Couch to 80k Week 4 Day 2 – turning facts to fiction

Couch to 80k podcast is a writer’s bootcamp with daily exercises by Tim Clare and is part of his Death by 1000 paper cuts blog.

Yesterday Tim commanded we scour memories for something that sticks, something with a sensory component. We wrote out a list, then picked one and wrote it up as a paragraph of notes. (I sort of wrote it as a story, which was a mistake) you can read it from yesterday’s blog post.

Today was about taking that paragraph of notes and trying to give it a sense of being a story, by giving fictionalising it as first person narrative. I actually wrote yesterday’s notes almost as a first person narrative (maybe I ballsed up the brief yesterday? Maybe it’s just how I feel comfortable writing anything, really – so used to the blog and how it needs to be written)

So I tried to pump it up a bit, give it something more specific – people say and do things that, honestly, I don’t remember them saying or doing. But nobody wants to read a story full of hedged language (“I think they said something like” is much weaker than “they said”)

Anyway, that’s today’s task. We’ve to keep this til tomorrow, so I’m guessing we’re gonna play around with it. I’m fairly pleased there’s a narrative arc going on even in this small thing (Me “This will be easy!” *thing happens* Me “that was awful and I’m an idiot for thinking it would be easy” – this, btw, is largely the story of my life)

Here’s the snippet:


There was nothing about the letter that made me nervous. There was nothing about the day that made me nervous. Even, eventually arriving in the waiting area, sitting down in the pure white room, with the orderlies moving people in and out, still nothing to worry about.

“Mr Holden, Mr Holden, to room 3”

Ah, ok. Maybe some apprehension then. I knew what was supposed to happen. But the words, the words didn’t really have a meaning. Not then.

“Gastroscopy”

Obviously I’d googled it, I’m not a fool. It recommended you bring someone with you and you can’t drive if you’re knocked out with a general anaesthetic. Well, firstly I’m the family driver so I had no standbys and secondly, who wants to wipe out two days for recovery for a quick procedure? Not me. No sir. No thank YOU. Nope.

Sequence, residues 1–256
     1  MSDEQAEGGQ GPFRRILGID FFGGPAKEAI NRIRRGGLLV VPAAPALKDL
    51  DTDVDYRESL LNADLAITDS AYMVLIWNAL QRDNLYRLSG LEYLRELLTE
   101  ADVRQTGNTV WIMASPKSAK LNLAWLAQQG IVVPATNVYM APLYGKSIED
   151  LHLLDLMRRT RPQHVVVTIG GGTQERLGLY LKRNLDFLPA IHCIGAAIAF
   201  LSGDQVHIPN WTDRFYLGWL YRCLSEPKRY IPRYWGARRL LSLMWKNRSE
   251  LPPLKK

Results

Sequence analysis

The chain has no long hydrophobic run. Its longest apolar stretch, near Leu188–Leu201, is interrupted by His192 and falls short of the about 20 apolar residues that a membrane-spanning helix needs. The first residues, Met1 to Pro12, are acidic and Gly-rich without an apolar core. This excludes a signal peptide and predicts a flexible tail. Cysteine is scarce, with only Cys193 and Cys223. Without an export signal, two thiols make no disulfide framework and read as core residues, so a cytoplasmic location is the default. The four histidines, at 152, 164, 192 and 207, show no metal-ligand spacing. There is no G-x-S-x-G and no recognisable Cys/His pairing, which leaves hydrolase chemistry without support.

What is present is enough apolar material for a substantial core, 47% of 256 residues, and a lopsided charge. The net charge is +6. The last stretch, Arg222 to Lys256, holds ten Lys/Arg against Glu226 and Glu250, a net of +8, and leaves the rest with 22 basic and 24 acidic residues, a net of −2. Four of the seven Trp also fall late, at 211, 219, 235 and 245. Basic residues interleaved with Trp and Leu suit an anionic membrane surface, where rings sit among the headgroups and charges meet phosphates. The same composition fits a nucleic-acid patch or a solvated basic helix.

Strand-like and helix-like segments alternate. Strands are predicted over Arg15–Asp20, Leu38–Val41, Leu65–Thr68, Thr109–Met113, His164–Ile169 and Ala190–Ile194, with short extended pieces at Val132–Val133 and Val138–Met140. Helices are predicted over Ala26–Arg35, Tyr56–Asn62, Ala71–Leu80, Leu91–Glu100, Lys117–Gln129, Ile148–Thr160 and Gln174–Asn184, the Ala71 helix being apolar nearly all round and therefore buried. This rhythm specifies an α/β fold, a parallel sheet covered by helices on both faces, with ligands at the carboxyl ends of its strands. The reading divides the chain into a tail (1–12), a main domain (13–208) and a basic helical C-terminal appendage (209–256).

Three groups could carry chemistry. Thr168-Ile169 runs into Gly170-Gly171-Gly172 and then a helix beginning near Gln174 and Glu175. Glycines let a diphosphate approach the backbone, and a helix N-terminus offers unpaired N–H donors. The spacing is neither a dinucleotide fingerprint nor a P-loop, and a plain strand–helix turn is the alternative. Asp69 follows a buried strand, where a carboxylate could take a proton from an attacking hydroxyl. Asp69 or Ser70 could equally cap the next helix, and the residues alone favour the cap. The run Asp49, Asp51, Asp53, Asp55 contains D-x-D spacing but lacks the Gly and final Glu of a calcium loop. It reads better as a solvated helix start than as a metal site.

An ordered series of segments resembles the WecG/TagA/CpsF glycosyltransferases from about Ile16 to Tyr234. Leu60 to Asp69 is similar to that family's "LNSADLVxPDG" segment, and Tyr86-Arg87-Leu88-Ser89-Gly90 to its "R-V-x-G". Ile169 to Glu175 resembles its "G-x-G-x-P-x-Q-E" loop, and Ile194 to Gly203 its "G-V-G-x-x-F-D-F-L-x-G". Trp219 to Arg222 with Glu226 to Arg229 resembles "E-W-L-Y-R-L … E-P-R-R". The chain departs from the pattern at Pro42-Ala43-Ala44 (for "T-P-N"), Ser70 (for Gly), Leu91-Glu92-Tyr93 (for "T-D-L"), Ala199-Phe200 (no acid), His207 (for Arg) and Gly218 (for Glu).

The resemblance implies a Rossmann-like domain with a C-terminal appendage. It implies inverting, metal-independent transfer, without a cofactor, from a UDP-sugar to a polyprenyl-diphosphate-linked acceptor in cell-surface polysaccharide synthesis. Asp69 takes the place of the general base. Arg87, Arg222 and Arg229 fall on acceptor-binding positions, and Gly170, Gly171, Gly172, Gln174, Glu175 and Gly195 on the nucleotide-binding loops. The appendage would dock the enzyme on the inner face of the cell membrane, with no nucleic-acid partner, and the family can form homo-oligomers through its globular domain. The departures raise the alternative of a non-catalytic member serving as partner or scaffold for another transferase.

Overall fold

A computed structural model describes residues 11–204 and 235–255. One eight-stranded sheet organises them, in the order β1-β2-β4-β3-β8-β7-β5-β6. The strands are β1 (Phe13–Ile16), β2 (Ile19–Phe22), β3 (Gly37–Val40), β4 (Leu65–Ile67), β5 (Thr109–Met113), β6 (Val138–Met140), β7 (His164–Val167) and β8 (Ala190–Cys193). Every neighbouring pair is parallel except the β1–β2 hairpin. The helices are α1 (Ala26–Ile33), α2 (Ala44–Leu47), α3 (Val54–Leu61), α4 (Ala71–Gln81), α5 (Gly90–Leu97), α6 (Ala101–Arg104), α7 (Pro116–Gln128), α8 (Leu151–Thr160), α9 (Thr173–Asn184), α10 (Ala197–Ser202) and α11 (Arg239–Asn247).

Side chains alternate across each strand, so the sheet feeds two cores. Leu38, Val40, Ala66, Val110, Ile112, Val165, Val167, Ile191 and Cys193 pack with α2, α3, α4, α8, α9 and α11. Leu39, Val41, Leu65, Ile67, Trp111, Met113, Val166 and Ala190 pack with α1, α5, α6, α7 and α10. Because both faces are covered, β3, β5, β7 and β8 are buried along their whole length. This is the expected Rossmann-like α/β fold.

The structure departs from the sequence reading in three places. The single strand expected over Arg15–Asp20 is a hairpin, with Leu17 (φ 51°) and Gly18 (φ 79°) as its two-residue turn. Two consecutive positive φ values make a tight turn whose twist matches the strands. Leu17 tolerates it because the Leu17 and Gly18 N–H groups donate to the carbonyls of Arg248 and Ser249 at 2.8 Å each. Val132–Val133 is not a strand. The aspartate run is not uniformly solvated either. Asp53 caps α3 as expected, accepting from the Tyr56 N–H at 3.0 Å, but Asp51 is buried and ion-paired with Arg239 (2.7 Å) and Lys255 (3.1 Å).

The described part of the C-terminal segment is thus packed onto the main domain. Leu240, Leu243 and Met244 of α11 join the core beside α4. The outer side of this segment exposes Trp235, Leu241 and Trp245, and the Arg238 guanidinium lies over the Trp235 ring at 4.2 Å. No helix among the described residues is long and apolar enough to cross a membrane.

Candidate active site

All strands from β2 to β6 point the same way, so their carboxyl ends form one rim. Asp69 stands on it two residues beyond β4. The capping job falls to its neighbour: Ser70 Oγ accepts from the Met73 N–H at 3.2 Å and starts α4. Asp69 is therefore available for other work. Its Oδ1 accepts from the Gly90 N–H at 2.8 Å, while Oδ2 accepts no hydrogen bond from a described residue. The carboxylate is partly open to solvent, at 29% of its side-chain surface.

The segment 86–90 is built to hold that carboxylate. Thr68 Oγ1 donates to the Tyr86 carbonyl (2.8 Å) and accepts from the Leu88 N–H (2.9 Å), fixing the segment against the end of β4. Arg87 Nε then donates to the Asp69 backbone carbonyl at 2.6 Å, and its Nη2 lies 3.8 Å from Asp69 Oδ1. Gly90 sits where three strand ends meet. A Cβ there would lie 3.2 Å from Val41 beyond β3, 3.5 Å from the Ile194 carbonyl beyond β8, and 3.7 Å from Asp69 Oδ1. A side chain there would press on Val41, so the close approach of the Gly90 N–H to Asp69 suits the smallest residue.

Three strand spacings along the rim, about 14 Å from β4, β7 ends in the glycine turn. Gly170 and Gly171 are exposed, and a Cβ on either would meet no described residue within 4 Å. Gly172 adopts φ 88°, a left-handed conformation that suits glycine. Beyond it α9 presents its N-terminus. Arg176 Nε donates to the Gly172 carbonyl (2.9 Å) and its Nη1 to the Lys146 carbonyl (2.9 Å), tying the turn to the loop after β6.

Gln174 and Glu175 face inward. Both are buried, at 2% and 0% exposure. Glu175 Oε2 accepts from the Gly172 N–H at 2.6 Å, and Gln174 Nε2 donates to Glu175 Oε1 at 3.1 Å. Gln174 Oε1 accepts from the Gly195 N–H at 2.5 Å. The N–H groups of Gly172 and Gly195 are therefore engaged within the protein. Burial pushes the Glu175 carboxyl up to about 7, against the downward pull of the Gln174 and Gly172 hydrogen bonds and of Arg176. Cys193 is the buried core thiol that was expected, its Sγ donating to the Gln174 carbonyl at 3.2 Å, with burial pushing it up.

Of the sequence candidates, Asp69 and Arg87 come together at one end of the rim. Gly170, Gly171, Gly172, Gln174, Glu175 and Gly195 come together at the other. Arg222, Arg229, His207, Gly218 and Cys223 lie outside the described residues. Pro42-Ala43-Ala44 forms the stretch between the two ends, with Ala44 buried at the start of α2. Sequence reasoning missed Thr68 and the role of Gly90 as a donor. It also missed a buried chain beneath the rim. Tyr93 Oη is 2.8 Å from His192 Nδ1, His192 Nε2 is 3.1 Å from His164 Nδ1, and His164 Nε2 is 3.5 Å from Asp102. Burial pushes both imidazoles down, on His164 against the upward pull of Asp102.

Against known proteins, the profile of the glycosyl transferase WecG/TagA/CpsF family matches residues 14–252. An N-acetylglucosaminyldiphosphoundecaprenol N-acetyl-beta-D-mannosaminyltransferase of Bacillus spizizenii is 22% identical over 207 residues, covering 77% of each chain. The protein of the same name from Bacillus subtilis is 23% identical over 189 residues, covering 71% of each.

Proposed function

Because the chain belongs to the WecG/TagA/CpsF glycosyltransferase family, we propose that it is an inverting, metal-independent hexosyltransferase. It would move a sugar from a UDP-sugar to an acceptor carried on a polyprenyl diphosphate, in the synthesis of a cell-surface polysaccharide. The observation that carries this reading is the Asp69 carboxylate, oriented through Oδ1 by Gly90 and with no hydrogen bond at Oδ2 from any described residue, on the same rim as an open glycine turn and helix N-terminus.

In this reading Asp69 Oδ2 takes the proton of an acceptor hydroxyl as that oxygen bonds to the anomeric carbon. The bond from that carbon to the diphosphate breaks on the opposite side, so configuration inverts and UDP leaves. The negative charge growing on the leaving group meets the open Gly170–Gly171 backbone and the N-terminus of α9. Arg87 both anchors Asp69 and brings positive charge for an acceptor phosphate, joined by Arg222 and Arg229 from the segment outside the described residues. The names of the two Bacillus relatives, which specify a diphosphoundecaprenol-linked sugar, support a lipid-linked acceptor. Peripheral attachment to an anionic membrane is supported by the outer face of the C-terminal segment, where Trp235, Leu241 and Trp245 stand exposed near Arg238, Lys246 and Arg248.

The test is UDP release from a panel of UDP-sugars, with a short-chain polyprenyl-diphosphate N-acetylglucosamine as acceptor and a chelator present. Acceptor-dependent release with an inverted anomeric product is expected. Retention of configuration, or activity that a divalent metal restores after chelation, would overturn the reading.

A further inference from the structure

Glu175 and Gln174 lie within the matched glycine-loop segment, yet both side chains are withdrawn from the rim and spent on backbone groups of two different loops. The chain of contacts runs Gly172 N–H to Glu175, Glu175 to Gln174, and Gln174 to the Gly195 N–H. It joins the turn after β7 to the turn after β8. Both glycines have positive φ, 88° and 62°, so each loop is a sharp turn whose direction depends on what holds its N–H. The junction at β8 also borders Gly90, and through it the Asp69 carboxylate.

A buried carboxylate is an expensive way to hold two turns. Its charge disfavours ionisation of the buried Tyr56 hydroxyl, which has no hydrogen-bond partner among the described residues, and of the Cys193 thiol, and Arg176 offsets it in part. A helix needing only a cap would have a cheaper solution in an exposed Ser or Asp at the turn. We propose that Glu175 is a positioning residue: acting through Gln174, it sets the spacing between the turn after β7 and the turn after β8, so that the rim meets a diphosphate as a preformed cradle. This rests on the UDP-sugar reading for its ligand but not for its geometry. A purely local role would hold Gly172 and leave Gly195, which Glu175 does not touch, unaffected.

What a idiot.

There were brief introductions, I changed, behind closed curtains, into a robe that covered about 80% of my circumference, not quite the whole of the moon, as it were.

I lay down on my sides, the recovery position, says the nurse. Not that I’m recovering, no need to. Not at this point.

From my prone position, I see the doctor walk in passes pleasantries with the staff, mask up and says nothing to me. I don’t suppose he’s used to too many people wanting to be awake for this bit.

The tube goes in.

It doesn’t sound like much “the tube goes in”, but it goes in and it keeps going and going. It feels like this will never end, like somehow I’m swallowing a python longer than my body, one end sitting in my stomach the other out of my open mouth and across the table.

I felt the corrugated ribbing of the sides of it as it goes further and further down, and then I start gagging. And don’t stop.

At some point the doctor tells me what’s going on, points to the small tv that was showing BBC Intestines, beamed directly from my stomach to your living room.

I blink tears out of my eyes, try to nod between gags and hoped he doesn’t ask me anything.

Please just let this be over.

Finally, “We’re withdrawing”. I can feel the camera leave me, like running your hands along railings as a child, I can feel it gliding and bumping along the side of my throat as it goes.

“And there we are, if you’d just like to go through next door”

Gladly. I fake-smile, mumble a thank you. Moving slowly in to the next room and wondering exactly what I just thanked them for.

Within minutes I was ready to leave. My throat feels a little horse, but I’m no worse the wear.

I’m glad I didn’t get the anaesthetic, I’d’ve been here for several more hours.

“if there’s ever a next time,” I tell the nurse as I leave “knock me the fuck out”

(Hey, if you got this far, well done, I honestly am surprised if any one is reading this. Sorry about the swears. Tried to do it without, I actually went in an edited the story as best I could, but that ending just felt like the right sort of punch)

Author: PJ

Belfast based Comic Artist who won’t shut up on twitter.